A few things need to go right for VoLTE to take effect, including having a good enough LTE connection on a tower that supports VoLTE. You’ll also need a device that supports VoLTE. This is something that will need to be confirmed on each device on each carrier, but most phones released in the last couple of years should be onboard.
The eventual goal for carriers is to move everyone over to calling on VoIP, which stands for Voice over Internet Protocol. Once this happens, features like VoLTE, VoNR (5G), and Wi-Fi Calling will fall into the same category and allow calling when connected to any secure internet source. This includes standalone 5G, and as more efficient 5G networks mature, carriers are going to want customers to stay on that tower as much as possible.
What else do I need to know about VoLTE?
Today, all carriers count HD Voice/VoLTE calls towards the minutes in one’s monthly bucket and not data, even though VoLTE uses the same data network as video streaming or browsing the web. But for carriers like Verizon that support video calls under the VoLTE standard, the voice portion of a chat will use minutes, while the video portion will use data. Verizon says that “an average 1-minute video call uses about 6 – 8 MB of data,” so beware of that before making that video call — or just use Wi-Fi.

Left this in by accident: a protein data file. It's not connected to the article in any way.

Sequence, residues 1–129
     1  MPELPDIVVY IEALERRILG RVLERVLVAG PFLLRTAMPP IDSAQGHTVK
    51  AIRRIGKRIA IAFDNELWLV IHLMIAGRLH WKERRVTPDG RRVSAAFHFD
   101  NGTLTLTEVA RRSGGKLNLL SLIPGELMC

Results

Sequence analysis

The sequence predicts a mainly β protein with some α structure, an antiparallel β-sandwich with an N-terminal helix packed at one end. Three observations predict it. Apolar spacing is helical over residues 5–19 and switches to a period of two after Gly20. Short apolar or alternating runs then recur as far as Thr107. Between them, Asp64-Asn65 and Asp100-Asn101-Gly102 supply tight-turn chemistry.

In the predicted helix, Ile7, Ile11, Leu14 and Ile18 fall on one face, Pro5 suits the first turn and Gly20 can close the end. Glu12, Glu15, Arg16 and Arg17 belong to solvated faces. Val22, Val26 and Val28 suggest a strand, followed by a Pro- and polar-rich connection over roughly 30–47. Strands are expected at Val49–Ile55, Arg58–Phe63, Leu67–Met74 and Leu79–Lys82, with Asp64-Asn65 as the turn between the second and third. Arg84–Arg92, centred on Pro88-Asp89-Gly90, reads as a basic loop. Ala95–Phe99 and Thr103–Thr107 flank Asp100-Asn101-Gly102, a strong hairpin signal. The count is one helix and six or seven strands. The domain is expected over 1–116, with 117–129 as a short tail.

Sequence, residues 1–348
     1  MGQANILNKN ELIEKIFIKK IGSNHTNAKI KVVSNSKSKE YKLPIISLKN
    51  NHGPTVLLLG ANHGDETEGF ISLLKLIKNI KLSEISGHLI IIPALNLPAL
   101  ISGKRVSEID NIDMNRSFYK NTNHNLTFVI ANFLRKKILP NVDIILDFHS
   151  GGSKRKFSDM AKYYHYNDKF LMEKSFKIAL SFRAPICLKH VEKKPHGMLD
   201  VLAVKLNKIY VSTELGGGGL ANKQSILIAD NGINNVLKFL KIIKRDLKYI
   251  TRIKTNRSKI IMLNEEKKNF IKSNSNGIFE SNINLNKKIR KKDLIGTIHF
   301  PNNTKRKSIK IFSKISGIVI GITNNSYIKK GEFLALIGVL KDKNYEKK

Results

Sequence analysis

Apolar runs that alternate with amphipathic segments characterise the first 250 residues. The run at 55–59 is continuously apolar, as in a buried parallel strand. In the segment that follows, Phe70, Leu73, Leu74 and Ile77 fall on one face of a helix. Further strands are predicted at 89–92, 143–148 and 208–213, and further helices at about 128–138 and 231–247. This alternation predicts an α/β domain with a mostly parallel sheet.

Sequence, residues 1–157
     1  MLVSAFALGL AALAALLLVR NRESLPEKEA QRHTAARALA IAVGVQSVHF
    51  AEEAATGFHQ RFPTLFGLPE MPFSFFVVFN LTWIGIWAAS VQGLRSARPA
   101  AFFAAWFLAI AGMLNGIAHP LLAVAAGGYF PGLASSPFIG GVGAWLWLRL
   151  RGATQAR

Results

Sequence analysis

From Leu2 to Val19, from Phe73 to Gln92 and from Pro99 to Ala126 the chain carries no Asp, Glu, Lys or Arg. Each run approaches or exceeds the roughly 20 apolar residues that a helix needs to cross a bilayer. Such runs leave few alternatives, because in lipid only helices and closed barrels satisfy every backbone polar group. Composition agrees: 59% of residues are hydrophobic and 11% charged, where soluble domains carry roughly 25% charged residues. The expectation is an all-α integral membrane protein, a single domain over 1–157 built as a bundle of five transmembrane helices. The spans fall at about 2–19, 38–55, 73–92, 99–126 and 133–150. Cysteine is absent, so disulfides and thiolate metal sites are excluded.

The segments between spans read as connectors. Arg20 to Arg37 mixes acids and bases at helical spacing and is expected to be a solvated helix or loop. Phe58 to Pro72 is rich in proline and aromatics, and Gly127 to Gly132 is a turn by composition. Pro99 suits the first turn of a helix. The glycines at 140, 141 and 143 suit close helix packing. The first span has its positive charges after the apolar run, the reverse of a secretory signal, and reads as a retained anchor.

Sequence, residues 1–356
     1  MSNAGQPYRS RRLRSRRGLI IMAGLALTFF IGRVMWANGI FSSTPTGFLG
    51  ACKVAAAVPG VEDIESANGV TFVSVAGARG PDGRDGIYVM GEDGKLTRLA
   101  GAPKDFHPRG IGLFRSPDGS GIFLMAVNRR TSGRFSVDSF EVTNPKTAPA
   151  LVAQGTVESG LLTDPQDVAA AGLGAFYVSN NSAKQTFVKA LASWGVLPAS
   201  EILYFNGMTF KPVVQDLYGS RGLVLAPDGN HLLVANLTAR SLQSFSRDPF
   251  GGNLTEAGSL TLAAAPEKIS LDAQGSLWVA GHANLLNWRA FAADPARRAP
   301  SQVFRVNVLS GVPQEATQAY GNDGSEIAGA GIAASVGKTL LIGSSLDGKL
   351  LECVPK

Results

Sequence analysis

It’s also worth noting that all major carriers offer Wi-Fi calling, which routes regular voice calls through a Wi-Fi network in areas of poor cellular coverage or just to improve call quality and reliability. Wi-Fi calling has more hoops to jump through than VoLTE does on U.S. carriers — especially on AT&T — but it can be a very useful tool if you live near or in a dead zone.
While the VoLTE revolution has been slow and steady, it’s good to see most U.S. and Canadian carriers take the benefits of the new technology more seriously and ensure the experience is as seamless as possible for users like you.
Do I need to upgrade my phone to keep making calls?
Most people, even those still using older phones without VoLTE support, will upgrade voluntarily before any network requires them to do so. However, if you have an older phone without VoLTE support and are just looking for stronger and more consistent performance, especially while traveling, upgrading to one of the best Android phones with support for VoLTE is a good move.
Earlier in 2020, some AT&T customers were told that they needed to upgrade their phones in order to continue using the service. The issue is that eventually, AT&T plans to discontinue its older network in order to completely transition to 4G LTE and 5G. The confusing part is that if you didn’t buy your phone directly from AT&T, you might have gotten the notice even if your phone technically supports VoLTE.
AT&T isn’t the first carrier to drop support for older phones, and it certainly won’t be the last. The fact of the matter is that maintaining equipment for all of its legacy networks for only a few customers that insist on using dated phones is a huge waste. Even so, AT&T isn’t shuttering its 3G network until February 2022, so there’s no need to panic. Shutting off phones suddenly would be a massive PR mistake for any carrier, especially for business accounts, so carriers plan things like this for years.